Bowel cancer study shows impact of mutations on protein networks

For the first time, researchers from the Wellcome Trust Sanger Institute have completed a detailed study of many of the proteins in bowel cancer cells. They investigated the role proteins play in predicting how common mutations affect proteins in the cancer cells and also whether such proteins are important in predicting the cancer's response to treatment.

Study finds bowel cancer diagnosis delayed by other illness

The researchers from the University of Exeter who analysed clinical data from over 4,500 patients across the UK who were later diagnosed with bowel cancer have reported that if a patient has a single serious illness or mental health issue unrelated to cancer (such as depression or heart disease) their bowel cancer is diagnosed on average 10 days later than usual, a 13% increase from the usual time taken for a diagnosis.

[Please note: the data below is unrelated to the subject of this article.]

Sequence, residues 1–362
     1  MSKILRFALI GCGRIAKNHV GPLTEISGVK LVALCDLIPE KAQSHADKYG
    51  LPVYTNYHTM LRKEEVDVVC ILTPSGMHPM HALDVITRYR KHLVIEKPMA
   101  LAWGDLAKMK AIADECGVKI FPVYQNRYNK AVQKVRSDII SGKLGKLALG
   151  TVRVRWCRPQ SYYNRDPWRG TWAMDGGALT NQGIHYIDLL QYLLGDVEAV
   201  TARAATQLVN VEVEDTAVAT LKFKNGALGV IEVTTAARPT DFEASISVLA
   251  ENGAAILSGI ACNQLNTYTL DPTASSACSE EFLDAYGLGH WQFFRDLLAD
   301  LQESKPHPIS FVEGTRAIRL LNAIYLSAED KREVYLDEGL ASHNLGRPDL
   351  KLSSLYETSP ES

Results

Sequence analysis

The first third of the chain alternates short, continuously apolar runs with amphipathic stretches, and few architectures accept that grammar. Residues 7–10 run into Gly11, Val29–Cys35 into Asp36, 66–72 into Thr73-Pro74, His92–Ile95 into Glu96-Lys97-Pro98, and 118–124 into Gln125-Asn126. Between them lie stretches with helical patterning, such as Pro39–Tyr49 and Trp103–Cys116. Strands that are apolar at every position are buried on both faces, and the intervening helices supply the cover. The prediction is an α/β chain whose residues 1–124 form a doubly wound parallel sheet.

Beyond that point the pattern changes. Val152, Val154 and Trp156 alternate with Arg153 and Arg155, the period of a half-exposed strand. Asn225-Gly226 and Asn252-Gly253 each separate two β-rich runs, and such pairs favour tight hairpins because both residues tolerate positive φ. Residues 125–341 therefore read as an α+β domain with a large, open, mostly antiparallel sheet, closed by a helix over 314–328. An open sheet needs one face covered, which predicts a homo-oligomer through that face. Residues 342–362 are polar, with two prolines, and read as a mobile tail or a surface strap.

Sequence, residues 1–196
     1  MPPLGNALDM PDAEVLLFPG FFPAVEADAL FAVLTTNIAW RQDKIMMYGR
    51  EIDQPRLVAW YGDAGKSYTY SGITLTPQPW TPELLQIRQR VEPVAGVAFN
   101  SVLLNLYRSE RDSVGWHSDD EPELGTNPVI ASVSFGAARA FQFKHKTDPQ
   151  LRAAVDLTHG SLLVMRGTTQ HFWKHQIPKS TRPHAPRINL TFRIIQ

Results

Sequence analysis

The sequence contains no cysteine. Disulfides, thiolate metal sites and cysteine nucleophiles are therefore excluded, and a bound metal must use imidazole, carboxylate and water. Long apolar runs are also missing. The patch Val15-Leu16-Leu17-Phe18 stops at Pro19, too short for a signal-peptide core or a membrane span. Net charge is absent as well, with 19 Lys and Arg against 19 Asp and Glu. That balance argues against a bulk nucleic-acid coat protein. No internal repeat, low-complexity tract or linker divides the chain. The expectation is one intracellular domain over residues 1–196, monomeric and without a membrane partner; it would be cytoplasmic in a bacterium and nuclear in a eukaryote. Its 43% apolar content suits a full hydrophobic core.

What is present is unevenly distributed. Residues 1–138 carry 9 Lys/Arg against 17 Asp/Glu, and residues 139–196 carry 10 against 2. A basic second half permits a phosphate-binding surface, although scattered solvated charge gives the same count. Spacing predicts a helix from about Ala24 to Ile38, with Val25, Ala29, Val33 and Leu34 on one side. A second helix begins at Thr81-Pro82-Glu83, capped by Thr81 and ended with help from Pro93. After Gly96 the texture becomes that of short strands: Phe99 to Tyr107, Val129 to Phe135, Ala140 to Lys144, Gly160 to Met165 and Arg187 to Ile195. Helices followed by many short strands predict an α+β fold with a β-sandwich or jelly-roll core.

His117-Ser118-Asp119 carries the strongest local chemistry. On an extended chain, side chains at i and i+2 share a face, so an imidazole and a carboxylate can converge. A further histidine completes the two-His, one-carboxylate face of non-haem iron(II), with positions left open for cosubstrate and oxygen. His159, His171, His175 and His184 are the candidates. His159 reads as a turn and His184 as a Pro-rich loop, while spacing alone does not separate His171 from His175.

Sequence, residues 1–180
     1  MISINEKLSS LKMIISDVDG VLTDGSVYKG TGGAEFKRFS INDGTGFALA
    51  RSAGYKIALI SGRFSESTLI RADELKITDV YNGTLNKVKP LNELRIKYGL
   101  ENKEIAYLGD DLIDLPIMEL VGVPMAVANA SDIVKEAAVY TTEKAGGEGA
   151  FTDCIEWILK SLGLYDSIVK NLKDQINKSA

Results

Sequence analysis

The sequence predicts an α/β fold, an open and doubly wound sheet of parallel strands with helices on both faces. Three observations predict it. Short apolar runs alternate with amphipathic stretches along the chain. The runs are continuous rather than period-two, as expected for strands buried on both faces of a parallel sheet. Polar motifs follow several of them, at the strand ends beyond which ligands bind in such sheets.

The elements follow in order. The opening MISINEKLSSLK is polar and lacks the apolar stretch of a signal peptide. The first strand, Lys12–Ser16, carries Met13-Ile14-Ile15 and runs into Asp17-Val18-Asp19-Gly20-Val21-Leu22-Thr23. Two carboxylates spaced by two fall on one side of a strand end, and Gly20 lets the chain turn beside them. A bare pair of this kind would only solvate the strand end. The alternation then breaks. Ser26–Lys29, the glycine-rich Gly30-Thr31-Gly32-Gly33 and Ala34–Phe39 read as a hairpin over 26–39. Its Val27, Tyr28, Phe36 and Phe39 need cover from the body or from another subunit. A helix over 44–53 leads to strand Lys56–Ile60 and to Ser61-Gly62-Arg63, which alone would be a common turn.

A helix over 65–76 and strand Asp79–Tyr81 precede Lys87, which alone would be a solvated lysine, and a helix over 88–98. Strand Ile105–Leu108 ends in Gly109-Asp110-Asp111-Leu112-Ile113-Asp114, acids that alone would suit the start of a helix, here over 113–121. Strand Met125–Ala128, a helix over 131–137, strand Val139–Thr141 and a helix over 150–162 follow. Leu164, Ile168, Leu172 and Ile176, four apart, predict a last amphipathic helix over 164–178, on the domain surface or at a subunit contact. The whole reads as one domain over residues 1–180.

Follow-up colonoscopies linked to lower incidence of bowel cancer

Most patients who have had treatment to remove pre-cancerous polyps or adenomas in their bowel, drastically reducing the risk of developing bowel cancer, can benefit substantially from a follow-up or 'surveillance' colonoscopy, according to a study published in the journal Lancet Oncology. However, a proportion of this group of patients are at ‘low risk’ compared with the general population and are unlikely to benefit significantly from colonoscopy surveillance.